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U.S. Maintains That Mexico Is High Risk for Tourist Kidnappings

MATAMOROS, Tamaulipas — The U.S. Department of State continues to classify Mexico as a country with a high potential for kidnapping and other crimes due to the lack of security measures for travelers. This city is among the areas deemed high risk.

In the latest version of their travel warning, the U.S. Department of State revealed that “U.S. citizens have been the victims of violent crimes, including homicide, kidnapping, carjacking, and robbery in various Mexican states.”

The travel advisory notes that most of the tourist hotspots have not seen the level of drug violence like other areas and that the Mexican government has spent substantial resources to keep tourists safe. However, “gun battles between rival criminal organizations or with Mexican authorities have taken place on streets and in public places during broad daylight.”

As part of the violence in Mexico, U.S. citizens have been murdered in carjackings and highway robberies at night on isolated roads, the advisory revealed.

The State Department highlights the border states of Tamaulipas and Coahuila as areas where “violence and criminal activity, including homicide, armed robbery, carjacking, kidnapping, extortion, and sexual assault, pose significant and continuing security concerns.” In the case of Chihuahua and Sonora, cartel violence, human smuggling, and drug trafficking continue to be security concerns listed by consular officials.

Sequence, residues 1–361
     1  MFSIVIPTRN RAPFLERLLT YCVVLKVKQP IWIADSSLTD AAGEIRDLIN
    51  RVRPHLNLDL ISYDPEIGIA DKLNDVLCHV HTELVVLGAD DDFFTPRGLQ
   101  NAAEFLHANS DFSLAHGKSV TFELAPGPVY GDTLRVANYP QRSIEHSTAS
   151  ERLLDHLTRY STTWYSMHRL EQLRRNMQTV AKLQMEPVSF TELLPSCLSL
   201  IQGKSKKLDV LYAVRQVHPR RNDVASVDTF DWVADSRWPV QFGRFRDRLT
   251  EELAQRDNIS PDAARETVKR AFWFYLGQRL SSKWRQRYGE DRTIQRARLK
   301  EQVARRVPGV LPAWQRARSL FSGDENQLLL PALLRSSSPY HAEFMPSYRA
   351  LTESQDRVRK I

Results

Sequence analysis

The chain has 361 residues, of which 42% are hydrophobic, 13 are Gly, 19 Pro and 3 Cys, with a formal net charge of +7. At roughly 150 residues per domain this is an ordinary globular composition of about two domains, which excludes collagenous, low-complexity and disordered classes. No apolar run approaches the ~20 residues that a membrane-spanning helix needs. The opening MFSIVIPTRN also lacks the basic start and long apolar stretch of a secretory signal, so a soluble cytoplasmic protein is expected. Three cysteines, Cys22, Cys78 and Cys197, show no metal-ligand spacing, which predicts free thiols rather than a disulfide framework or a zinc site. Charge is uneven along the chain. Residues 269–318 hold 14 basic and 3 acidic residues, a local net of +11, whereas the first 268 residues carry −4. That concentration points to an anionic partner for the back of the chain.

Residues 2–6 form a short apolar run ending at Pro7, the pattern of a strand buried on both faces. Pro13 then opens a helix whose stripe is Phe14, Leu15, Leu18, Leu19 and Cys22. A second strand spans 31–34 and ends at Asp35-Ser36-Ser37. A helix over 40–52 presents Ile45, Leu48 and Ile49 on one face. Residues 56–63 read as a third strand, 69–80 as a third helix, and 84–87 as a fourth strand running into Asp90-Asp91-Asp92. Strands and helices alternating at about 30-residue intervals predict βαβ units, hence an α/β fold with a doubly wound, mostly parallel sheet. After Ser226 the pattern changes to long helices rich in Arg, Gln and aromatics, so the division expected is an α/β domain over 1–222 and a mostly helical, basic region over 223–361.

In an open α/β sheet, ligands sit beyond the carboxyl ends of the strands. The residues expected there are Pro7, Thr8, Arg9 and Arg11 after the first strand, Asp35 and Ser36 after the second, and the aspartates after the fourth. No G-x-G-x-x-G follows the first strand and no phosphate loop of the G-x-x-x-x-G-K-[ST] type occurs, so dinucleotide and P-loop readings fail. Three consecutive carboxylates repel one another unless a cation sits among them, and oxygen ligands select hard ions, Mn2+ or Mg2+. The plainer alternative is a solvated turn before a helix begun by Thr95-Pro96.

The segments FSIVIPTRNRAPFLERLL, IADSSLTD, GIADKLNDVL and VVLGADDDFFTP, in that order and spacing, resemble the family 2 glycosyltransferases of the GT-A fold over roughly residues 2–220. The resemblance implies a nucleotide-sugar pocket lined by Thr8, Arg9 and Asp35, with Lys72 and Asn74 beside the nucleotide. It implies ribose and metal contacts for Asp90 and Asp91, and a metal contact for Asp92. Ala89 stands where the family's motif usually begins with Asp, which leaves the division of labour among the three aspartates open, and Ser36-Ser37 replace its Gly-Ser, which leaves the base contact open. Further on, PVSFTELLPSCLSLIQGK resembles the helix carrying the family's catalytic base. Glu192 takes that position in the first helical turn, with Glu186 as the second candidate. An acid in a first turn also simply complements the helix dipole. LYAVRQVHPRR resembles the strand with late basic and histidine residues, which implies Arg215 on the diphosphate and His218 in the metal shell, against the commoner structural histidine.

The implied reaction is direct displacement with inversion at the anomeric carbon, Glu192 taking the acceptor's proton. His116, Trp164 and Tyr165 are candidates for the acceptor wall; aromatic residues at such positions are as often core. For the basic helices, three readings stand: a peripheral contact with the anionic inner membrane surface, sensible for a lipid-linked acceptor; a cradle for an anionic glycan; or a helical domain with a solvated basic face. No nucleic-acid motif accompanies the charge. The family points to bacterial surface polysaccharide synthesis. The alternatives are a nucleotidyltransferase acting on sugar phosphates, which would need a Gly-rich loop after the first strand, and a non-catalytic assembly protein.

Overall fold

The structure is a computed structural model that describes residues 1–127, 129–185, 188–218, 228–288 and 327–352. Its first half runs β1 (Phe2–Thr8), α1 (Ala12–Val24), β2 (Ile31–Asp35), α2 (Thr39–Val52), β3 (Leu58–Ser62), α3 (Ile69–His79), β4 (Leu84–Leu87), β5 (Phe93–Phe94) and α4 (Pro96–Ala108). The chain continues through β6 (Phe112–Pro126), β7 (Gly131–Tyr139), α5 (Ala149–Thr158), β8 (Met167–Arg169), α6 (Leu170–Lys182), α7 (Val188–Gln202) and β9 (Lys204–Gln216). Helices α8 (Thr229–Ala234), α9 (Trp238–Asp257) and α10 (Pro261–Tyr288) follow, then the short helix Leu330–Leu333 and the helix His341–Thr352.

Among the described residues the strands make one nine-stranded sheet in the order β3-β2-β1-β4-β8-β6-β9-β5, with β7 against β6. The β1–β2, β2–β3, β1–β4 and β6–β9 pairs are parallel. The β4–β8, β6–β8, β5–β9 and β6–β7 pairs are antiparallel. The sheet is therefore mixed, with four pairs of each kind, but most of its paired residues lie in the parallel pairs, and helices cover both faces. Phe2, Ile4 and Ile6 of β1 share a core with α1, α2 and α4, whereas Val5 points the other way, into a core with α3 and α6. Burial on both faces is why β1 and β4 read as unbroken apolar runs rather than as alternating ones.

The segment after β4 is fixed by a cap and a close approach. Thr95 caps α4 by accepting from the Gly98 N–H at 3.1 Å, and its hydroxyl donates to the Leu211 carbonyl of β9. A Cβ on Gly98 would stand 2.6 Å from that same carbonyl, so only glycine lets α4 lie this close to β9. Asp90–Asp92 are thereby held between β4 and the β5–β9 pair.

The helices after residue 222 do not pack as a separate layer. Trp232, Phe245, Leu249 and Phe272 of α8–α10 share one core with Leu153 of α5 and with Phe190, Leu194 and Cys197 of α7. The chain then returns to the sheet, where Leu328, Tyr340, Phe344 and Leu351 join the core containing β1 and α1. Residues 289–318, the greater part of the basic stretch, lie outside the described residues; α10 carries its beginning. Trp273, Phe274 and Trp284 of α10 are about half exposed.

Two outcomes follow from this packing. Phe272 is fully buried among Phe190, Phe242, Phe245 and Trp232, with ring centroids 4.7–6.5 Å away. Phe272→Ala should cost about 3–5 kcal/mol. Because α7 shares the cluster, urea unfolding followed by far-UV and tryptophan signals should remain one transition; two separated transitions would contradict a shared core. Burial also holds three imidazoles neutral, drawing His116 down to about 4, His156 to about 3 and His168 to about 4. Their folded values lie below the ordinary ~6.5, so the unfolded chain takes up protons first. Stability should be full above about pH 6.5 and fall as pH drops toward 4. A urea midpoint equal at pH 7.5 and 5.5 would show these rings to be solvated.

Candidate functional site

Tamaulipas is singled out as one of the regions with the highest kidnapping rate. According to the Department of State, kidnappings can be:

Traditional— where the victim is taken and a ransom is paid;
Express— where the victim is taken for a short time and forced to withdraw money from an ATM before being released; and
Virtual — where the victim is coerced or forced to give the names and numbers of relatives who are then extorted by deception. That type of kidnapping usually targets hotel guests.

Editor’s Note: Breitbart Texas traveled to the Mexican States of Tamaulipas, Coahuila and Nuevo León to recruit citizen journalists willing to risk their lives and expose the cartels silencing their communities. The writers would face certain death at the hands of the various cartels that operate in those areas including the Gulf Cartel and Los Zetas if a pseudonym were not used. Breitbart Texas’ Cartel Chronicles are published in both English and in their original Spanish. This article was written by “J.A. Espinoza” from Matamoros, Tamaulipas and “A.C. Del Angel” from Reynosa, Tamaulipas.

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